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 Harvest Time !!
  Almost all small towns and cities in North Carolina have a“produce” stand, mini farmer's market or Saturday morning Tail-Gate Market. You can buy the freshest, right-off-the-vine big juicy tomatoes, fresh Silver Queen or buttery sweet yellow corn and have a great dinner without any meat, if you desire. We visit ours often and the other day we bought 3 ears of corn, 3 big tomatoes, a pint of just picked blueberries, 4 small yellow crookneck squash (about 1 lb.), 3 big bell peppers (to make our pepper jelly), 10 small red new potatoes and all of that was just $10.45! It would have been at least twice that much in the grocery store.

Southerners love tomato sandwiches! We eat one everyday....just bread, real mayonnaise, and slices of tomatoes, sprinkled with salt & pepper. Traditionally tomato sandwiches are supposed to be made with white bread but we eat only whole wheat. There's not a healthier or better snack in the middle of the afternoon than a tomato sandwich! Check out your farmer's market; you may be surprised at the bargains there.

Squash Ritz Casserole


1  lb. fresh yellow squash (about 4 small)


1  cup shredded sharp Cheddar cheese

2  Tbsp. butter

1  large egg, lightly beaten

¼ cup evaporated milk

8  Ritz crackers, crushed

Salt & black pepper, to taste

1 cup shredded sharp Cheddar cheese, for top


Preheat oven to 350º. Slice unpeeled squash and cook in salted water until tender, about 15 minutes. Drain well and break up with a potato masher.  Place in a large bowl; add cheese, butter, egg, milk, crushed crackers, salt & pepper.  Spoon into a lightly greased 1 quart baking dish and sprinkle top evenly with the other cup of shredded cheese.  Bake for about 20 minutes, until golden and bubbly. Makes 4 to 6 servings.


Scrumptious Skillet Cornbread

No Southern fresh vegetable meal is complete without a pan of hot cornbread.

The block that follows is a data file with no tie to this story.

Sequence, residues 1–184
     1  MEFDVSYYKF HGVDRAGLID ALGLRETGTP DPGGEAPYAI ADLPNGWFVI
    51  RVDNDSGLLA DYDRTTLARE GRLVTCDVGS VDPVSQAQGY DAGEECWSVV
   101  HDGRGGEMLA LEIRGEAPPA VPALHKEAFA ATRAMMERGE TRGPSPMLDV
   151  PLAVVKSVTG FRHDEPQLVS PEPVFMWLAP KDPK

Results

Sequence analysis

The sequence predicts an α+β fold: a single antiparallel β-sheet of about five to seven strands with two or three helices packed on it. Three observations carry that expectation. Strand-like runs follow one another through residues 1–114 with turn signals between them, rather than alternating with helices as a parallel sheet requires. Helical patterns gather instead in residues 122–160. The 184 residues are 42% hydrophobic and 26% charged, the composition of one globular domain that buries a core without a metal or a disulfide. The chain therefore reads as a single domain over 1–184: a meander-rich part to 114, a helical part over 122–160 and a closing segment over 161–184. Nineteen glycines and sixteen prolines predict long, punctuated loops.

This is an especially good one.


¼ cup cooking oil

1  cup plain cornmeal (stone-ground preferred)

1  tsp. baking powder

¼ tsp. baking soda

½ tsp. salt

1 Tbsp. sugar

1  large egg, lightly beaten

1  cup whole buttermilk


Preheat oven to 400º.  Place the ¼ cup of oil in skillet in the hot oven.  Meanwhile sift the dry ingredients together.   Stir in egg and buttermilk, mixing well. Pour the hot oil out of the skillet into the batter, mixing well and then pour the batter into the skillet.  Bake about 25 minutes. It will start to pull away from the sides of the pan.  Run a knife around the edge of the pan and turn out immediately, upside down, onto a plate, leaving the pretty browned crunchy side on top.  Cut into wedges and serve with lots of real butter.


Note: You really need a cast iron skillet the get the nice crunchy top.

 Lunchbox Cookies of the Month


The kids can help make these.

1  cup butter

1½ cups sugar

2  large eggs

2¾ cups plain flour

2  tsp. cream of tartar

1  tsp. salt

2  Tbsp. sugar

2  tsp. cinnamon


Preheat oven to 400º. Cream butter, sugar and eggs together.  Combine flour, cream of tartar, baking soda and salt.  Stir into creamed mixture, mixing well.  Shape dough into 1-inch balls.  Mix the 2 Tbsp. sugar and cinnamon together and roll dough balls into the mixture.  Arrange 2 inches apart on an ungreased cookie sheet and bake for 8 to 10 minutes.  Lift off with spatula and cool on a wire cake rack.


Note:  8 minutes will give you a softer cookie and 10 minutes a little crunchy. The soft ones will firm up as they cool.  Makes 5 to 6 dozen 

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Granny’s Old Fashioned Fried Creamed Corn


Eating fresh corn-on-the-cob is great, but for skillet fried corn you have to cut the tips off with a very sharp knife and then scrape the milk from the ears into a bowl.  I prefer to cheat a little and buy the 20-oz. roll of frozen.  It comes cream-style, white or yellow in your grocer’s frozen vegetable case.  They’re frozen fresh so you won’t be able to tell the difference!  Every once in a while these are on sale for “buy one and get one free”…stock up!

4  Tbsp. butter

20-oz. roll frozen cream-style corn, thawed

Salt & black pepper

About ¼ cup cream, half-and-half or evaporated milk


Melt butter in a large skillet on medium-low; add corn.  Cook, stirring constantly  for about 10 to 15 minutes. Sprinkle with salt & pepper; add milk to make it slightly  soupy.  Reduce heat to low and cover, stirring occasionally for about 5 minutes.  Serve immediately.  Makes about 4 servings.


Quick tip:  It your going to cook this corn for supper, put it in the refrigerator in the morning in a plastic bag, place in bowl, to thaw.  The milk from the corn will seep out as it thaws.